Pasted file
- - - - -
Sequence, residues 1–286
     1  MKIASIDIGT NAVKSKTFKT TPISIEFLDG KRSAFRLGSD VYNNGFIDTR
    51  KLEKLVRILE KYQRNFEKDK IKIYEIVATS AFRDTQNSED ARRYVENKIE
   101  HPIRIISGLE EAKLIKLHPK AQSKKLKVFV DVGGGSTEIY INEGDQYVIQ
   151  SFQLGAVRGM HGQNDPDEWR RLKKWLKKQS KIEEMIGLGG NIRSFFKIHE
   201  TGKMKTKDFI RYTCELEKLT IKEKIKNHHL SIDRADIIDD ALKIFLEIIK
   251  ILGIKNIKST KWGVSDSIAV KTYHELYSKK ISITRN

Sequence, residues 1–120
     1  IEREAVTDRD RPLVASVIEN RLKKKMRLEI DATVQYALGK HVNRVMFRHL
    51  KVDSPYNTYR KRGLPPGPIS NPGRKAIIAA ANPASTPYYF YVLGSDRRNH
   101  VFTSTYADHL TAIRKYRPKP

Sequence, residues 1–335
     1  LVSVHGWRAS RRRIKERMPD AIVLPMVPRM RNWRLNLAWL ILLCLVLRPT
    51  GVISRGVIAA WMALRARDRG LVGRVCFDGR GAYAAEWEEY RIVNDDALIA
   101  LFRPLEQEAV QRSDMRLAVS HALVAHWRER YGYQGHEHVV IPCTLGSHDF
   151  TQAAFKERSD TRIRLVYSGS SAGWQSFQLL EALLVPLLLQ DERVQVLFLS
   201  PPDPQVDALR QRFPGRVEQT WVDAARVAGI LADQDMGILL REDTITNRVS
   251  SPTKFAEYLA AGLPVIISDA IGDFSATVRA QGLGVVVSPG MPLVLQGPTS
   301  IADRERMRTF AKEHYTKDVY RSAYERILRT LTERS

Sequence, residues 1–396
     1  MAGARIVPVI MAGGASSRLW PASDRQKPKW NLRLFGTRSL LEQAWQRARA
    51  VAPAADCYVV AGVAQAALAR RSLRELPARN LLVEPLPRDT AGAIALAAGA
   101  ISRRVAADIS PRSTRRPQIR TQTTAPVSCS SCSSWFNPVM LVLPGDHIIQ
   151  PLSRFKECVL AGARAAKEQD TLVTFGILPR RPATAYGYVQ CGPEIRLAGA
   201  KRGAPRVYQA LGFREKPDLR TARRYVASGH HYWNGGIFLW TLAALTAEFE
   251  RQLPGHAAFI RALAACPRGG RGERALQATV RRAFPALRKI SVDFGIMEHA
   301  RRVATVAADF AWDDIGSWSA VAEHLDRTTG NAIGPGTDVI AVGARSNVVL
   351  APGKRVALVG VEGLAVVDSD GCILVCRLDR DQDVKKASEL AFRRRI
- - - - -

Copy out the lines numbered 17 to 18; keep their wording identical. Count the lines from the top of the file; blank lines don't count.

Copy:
   201  PPDPQVDALR QRFPGRVEQT WVDAARVAGI LADQDMGILL REDTITNRVS
   251  SPTKFAEYLA AGLPVIISDA IGDFSATVRA QGLGVVVSPG MPLVLQGPTS